Trek Takeaways!

Having read about a variety of leadership theories priors to coming to India for this program, I had a pretty reformed understanding about the various forms leadership can take. Admittedly, the majority of these theories were new to me, and I had never seen them in practice. The trekking experience provided an opportunity to put some of these concepts into practice and observe the use of them by the designated leaders that were a part of our team.

One of the most substantial ways my understand of leadership has changed since taking this course has been coming to the realization that a leader can lead from a humble position. Reading about Greenleaf’s Servant Leadership Theory first introduced this concept to me. The notion that a leader can be humble yet extremely effective in managing a team was reinforced during the trek through my observation of the group of porters that accompanied us.

The porters served as the ultimate guides all throughout the trip. They knew the trail better than anyone and we’re responsible for deciding whether or not it was safe for our group to proceed at times. With this being a year of record snowfall in the Himalayas, the trial was often covered in snow and ice at the higher altitudes. Our porters, specifically Gunga and Gyan, scouted the trail miles ahead of us to ensure conditions s would be within our range of ability. They were also critical in cutting steps into the snowy path with their ice axes. Both of these actions among other examples I could mention required a sacrifice from the porters in order to see their followers up for success. In this way, the porters were a perfect example of servant leaders. They were eager to assist at all times, whether it was preparing and serving us meals or guiding us along the trail. While they held the ultimate authority in many ways, they humbly offered their services to us to a remarkable extent.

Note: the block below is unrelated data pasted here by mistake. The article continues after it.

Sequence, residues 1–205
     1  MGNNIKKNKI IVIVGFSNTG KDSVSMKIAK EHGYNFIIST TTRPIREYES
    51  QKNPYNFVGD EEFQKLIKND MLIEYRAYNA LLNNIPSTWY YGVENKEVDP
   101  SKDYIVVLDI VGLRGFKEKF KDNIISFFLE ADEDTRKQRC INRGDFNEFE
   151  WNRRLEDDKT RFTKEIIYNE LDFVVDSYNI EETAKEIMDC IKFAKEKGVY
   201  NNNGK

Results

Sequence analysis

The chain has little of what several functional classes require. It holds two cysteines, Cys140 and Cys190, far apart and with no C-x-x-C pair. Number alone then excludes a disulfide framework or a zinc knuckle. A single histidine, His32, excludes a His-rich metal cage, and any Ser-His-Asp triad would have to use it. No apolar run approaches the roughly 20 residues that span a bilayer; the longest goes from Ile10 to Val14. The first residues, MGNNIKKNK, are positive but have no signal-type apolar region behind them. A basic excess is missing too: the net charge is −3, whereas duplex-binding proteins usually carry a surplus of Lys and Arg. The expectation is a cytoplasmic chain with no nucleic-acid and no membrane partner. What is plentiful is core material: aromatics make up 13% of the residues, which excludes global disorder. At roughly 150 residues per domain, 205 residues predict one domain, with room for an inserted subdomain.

As I continue to develop my own personal leadership style, I think there are several things I can do to refrain from stagnating in my progress:

1) Encourage people to make contributions

As a leader, it will be important to let my team members know that their ideas are welcome. When a team lease is approachable, it fosters an environment of openness and creativity. Looking to team members for feedback and inspiration and having opportunities to hear from a variety of perspectives will strengthen the team.

2) Be a good listener

Not only should a leader welcome input from others, but they should genuinely consider it. Effective leaders are able to make their team feel valued and heard.

3) Keep trying new things

Finding one’s own leadership philosophy is a continuous process. If at first one method does not prove to be effective, I should always remain open to trying another! It will be beneficial to pay attention to things that have been effective in the past and always be in the lookout for new ways to inspire, motivate and reward group members.